During my mom's memorial service, my cousin reminisced about the time we went to a botanical garden in Vancouver BC. Of course, you're not supposed to nick plants from botanical gardens, and, of course, you're not supposed to bring undeclared plant items across the international border. However, when we got home, my mom proceeded to empty seeds and plant starts out of her pockets. 

Mom and I at the botanical garden in Vancouver BC.
I wonder how many seeds were in her pockets when this pic was taken.

During that same time, one spring day during my sophomore year, Mom picked me up from high school (as she did pretty much every day that year -- my first year in a new school). I got in the car and she had a devious smile on her face and a hand full of envelopes. She informed me that we were heading up to Peace Arch Park -- an international park straddling the US/Canadian border -- to gets seeds. Mom was all prepared, with ample envelopes and a ball point pen. She pinched seeds while I wrote descriptive information on the outside of the envelopes and kept watch.

It didn't stop there though. I recall her pinching seeds from a lovely columbine in the Fred Meyer nursery (while I kept watch), and nicking sedum starts from a walkway at a plant nursery. In fact, she had a whole sedum garden mostly from plants she had pinched from here and there. I now have starts from many of those sedums growing in my yard.

Saturday, September 3, 2016

One Photographer: Inspiration

[Backstory: Earlier this summer, I cleaned up my computer files which involved going through my LCC class files, including a plethora of images for my "Image Communications" class in the spring of 2014. Better than the images, I found an essay I wrote for that class about a photographer I found inspirational. For me, reading the essay and viewing this photographer's work was inspirational all over again. And it had to do with flowers so it fits with my renewed focus on photographing what I love. Here's the essay, modified a bit.]

One Photographer: Byron Jorjorian 

I selected as my professional photographer, Byron Jorjorian, a fine art photographer whom I found while Googling nature photography, more specifically abstract wildflowers. According to his online biography, Mr. Jorjorian has been a photographer for over 30 years, with images appearing on cards, calendars, posters, and advertising as well as such publications as National Geographic and Outdoor Magazine.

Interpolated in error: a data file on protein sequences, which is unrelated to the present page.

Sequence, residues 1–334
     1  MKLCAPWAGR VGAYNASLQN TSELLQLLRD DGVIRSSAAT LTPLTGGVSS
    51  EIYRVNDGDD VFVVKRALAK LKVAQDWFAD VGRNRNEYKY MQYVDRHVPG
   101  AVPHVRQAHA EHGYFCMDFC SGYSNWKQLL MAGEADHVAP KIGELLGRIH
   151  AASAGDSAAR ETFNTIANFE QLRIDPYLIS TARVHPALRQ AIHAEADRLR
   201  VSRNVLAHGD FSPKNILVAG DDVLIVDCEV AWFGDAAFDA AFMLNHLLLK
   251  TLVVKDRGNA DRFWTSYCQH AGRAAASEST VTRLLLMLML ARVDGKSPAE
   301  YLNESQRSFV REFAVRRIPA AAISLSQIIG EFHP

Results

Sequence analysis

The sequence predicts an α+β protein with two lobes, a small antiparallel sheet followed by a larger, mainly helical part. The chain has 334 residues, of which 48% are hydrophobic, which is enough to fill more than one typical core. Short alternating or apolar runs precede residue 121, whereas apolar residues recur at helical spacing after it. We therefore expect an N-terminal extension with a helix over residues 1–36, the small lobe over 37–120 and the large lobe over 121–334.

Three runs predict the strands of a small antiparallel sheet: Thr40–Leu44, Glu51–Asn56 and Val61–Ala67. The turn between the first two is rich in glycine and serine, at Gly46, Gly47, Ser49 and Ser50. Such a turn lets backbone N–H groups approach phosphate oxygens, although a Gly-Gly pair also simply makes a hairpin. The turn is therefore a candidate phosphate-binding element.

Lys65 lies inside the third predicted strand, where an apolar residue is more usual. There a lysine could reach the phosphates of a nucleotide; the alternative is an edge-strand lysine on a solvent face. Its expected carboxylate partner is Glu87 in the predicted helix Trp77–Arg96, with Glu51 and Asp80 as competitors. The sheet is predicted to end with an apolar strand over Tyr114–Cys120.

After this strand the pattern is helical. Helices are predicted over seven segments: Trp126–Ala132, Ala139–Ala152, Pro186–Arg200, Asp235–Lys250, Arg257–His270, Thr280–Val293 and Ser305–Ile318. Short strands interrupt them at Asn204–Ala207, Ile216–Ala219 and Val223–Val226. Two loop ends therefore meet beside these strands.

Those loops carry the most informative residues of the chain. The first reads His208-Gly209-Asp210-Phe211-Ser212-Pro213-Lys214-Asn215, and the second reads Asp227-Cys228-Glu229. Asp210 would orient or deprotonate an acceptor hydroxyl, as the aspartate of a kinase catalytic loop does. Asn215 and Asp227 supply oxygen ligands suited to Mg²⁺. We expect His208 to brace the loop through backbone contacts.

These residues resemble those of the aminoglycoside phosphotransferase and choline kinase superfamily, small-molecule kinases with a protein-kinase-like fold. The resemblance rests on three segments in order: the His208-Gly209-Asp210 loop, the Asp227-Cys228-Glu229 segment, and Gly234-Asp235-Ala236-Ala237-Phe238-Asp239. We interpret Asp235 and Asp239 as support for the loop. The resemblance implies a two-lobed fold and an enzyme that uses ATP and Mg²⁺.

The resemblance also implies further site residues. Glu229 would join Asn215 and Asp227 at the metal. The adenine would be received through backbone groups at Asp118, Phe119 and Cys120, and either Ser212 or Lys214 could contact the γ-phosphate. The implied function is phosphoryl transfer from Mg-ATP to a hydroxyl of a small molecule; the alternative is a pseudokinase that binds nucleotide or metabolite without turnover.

I was attracted to Mr. Jorjorian’s photography for several reasons, including his beautiful macro flower photography, his wildflower and nature abstracts, and his landscapes. These are all the types of photographs which I enjoy taking. I think there is a lot to learn by looking at his body of work, especially since I see that he has taken photos of landscapes which have caught my eye in the past, but which I have had difficulty executing well. However, for this paper, I’ll focus specifically on his abstract photography, since that is what brought him to my attention in the first place.

Abstract Photography 

While working on my photo shoot at Bake Stewart Park, I happened to take an abstract flower photograph during a slight breeze. I loved the effect and would have reworked my final exhibit to focus on abstract, breeze-assisted macro photography if time had allowed. However, playing with this idea just a little bit, I realized it was going to be rather complicated so I quickly shelved the idea as something to play with later, on my own.

Inspirational abstract by Colette Kimball

However, I did do a Google image search of abstract wildflower photography, and discovered that while there are tons of images of wildflowers online, there are very few wildflower abstracts. This is how I found Mr. Jorjorian. This breezy photograph by Mr. Jorjorian  is somewhat reflective of my original abstract.

"Abstract grass pattern" by Byron Jorjorian